3 Things Not To Say To A Parent With A Disabled Child

3 Things Not To Say To A Parent With A Disabled Child

I never saw myself in this situation. I never imagined myself to be this guy. I never expected it to happen to me.

These are typical thoughts of parents whose child has recently been diagnosed. When you learn that your kid has Down Syndrome, autism, or a rare disorder, you’ll have a lot of concerns. You take it in and go through the process, which can take days, months, or even years. Then you go on to live the rest of your life in this “modern standard,” discovering and adjusting to different changes.

You learn everything there is to know about their health. You learn to recognise and enjoy your child’s tiny achievements. Since you have no other choice, you decide to view it in a new way and reflect on the things that really matter.

However, there are a few items that I believe even parents of disabled children accept are not pleasant to hear. Please don’t tell us:

“God assigns you exactly the number of people you can handle.”

“I have no idea how you do it.”

“I will never do what you do.”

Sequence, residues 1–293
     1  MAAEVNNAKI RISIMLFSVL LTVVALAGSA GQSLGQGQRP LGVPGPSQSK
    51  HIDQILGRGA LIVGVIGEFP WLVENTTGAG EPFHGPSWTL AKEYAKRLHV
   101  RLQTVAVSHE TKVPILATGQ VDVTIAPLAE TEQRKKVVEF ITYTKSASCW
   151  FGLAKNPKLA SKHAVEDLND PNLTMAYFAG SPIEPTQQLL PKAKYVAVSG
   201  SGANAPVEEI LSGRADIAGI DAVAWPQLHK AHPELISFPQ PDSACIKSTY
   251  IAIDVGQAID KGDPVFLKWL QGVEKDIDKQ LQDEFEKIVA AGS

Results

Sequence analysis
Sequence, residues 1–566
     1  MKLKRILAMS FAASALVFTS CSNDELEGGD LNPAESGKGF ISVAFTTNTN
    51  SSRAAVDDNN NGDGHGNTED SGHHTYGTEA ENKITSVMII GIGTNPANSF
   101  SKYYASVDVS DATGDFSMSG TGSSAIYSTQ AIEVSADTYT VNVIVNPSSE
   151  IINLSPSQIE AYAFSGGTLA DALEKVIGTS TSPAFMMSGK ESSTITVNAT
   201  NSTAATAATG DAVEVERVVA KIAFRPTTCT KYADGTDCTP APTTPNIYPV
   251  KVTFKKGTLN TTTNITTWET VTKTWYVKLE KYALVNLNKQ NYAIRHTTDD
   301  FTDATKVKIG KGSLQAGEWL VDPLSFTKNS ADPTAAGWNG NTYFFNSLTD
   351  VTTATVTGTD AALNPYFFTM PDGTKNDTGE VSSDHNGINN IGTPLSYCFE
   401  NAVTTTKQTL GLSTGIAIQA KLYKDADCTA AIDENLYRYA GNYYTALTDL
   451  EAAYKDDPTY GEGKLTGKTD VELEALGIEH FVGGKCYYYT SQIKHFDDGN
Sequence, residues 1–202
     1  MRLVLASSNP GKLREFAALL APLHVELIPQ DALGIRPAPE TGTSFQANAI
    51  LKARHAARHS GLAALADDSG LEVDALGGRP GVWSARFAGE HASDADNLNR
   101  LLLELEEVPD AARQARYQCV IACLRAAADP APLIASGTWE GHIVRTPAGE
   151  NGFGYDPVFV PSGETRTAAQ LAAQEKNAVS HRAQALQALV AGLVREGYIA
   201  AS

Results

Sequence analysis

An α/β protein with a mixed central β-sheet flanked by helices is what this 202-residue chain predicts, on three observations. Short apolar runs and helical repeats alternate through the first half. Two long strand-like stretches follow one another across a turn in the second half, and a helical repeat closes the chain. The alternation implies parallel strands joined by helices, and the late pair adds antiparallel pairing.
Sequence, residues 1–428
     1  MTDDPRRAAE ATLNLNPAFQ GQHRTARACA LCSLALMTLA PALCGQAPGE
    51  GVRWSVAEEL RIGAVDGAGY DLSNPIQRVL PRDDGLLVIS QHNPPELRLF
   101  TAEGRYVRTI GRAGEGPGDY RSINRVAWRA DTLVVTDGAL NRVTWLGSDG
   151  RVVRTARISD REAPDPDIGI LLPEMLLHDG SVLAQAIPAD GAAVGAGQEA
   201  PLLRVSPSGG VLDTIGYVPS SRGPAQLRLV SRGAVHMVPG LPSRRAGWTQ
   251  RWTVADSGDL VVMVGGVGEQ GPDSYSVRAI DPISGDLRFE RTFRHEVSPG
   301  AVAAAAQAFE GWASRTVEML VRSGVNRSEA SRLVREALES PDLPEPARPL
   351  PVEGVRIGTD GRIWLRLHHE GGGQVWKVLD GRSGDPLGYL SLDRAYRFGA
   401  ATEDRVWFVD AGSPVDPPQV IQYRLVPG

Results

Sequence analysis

Although we appreciate that you are attempting to show help, it can backfire and irritate us. You have no idea how we do it and we don’t have a say. You could never do what we do — but believe me if it were your kids, you could and would.

Instead, here is a few other stuff you might say:

  • You’re a wonderful mum! I respect your bravery and unwavering devotion to your boy.
  • Hey, I know I don’t understand your everyday challenges, so I just wanted to let you know that you’re incredible and that I see you.


Instead of focusing on yourself, focus on them. Encourage them, remind them how wonderful they are, how wonderful their children are, and how influenced you are by them and their child’s storey, even though you don’t truly understand it.